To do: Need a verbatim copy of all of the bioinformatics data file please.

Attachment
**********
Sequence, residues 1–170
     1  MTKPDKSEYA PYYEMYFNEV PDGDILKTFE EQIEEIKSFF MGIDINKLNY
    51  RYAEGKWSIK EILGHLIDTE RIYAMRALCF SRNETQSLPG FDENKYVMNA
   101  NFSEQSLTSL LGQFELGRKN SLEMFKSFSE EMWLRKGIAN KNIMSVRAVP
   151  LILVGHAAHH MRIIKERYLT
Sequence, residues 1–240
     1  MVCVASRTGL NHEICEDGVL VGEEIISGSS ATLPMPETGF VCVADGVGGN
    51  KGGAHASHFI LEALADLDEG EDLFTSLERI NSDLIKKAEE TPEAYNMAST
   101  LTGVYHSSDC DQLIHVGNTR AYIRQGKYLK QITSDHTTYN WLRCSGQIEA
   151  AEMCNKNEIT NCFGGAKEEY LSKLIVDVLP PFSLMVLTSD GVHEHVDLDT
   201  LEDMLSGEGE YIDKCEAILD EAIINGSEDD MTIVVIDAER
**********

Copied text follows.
Sequence, residues 1–170
     1  MTKPDKSEYA PYYEMYFNEV PDGDILKTFE EQIEEIKSFF MGIDINKLNY
    51  RYAEGKWSIK EILGHLIDTE RIYAMRALCF SRNETQSLPG FDENKYVMNA
   101  NFSEQSLTSL LGQFELGRKN SLEMFKSFSE EMWLRKGIAN KNIMSVRAVP
   151  LILVGHAAHH MRIIKERYLT
Sequence, residues 1–240
     1  MVCVASRTGL NHEICEDGVL VGEEIISGSS ATLPMPETGF VCVADGVGGN
    51  KGGAHASHFI LEALADLDEG EDLFTSLERI NSDLIKKAEE TPEAYNMAST
   101  LTGVYHSSDC DQLIHVGNTR AYIRQGKYLK QITSDHTTYN WLRCSGQIEA
   151  AEMCNKNEIT NCFGGAKEEY LSKLIVDVLP PFSLMVLTSD GVHEHVDLDT
   201  LEDMLSGEGE YIDKCEAILD EAIINGSEDD MTIVVIDAER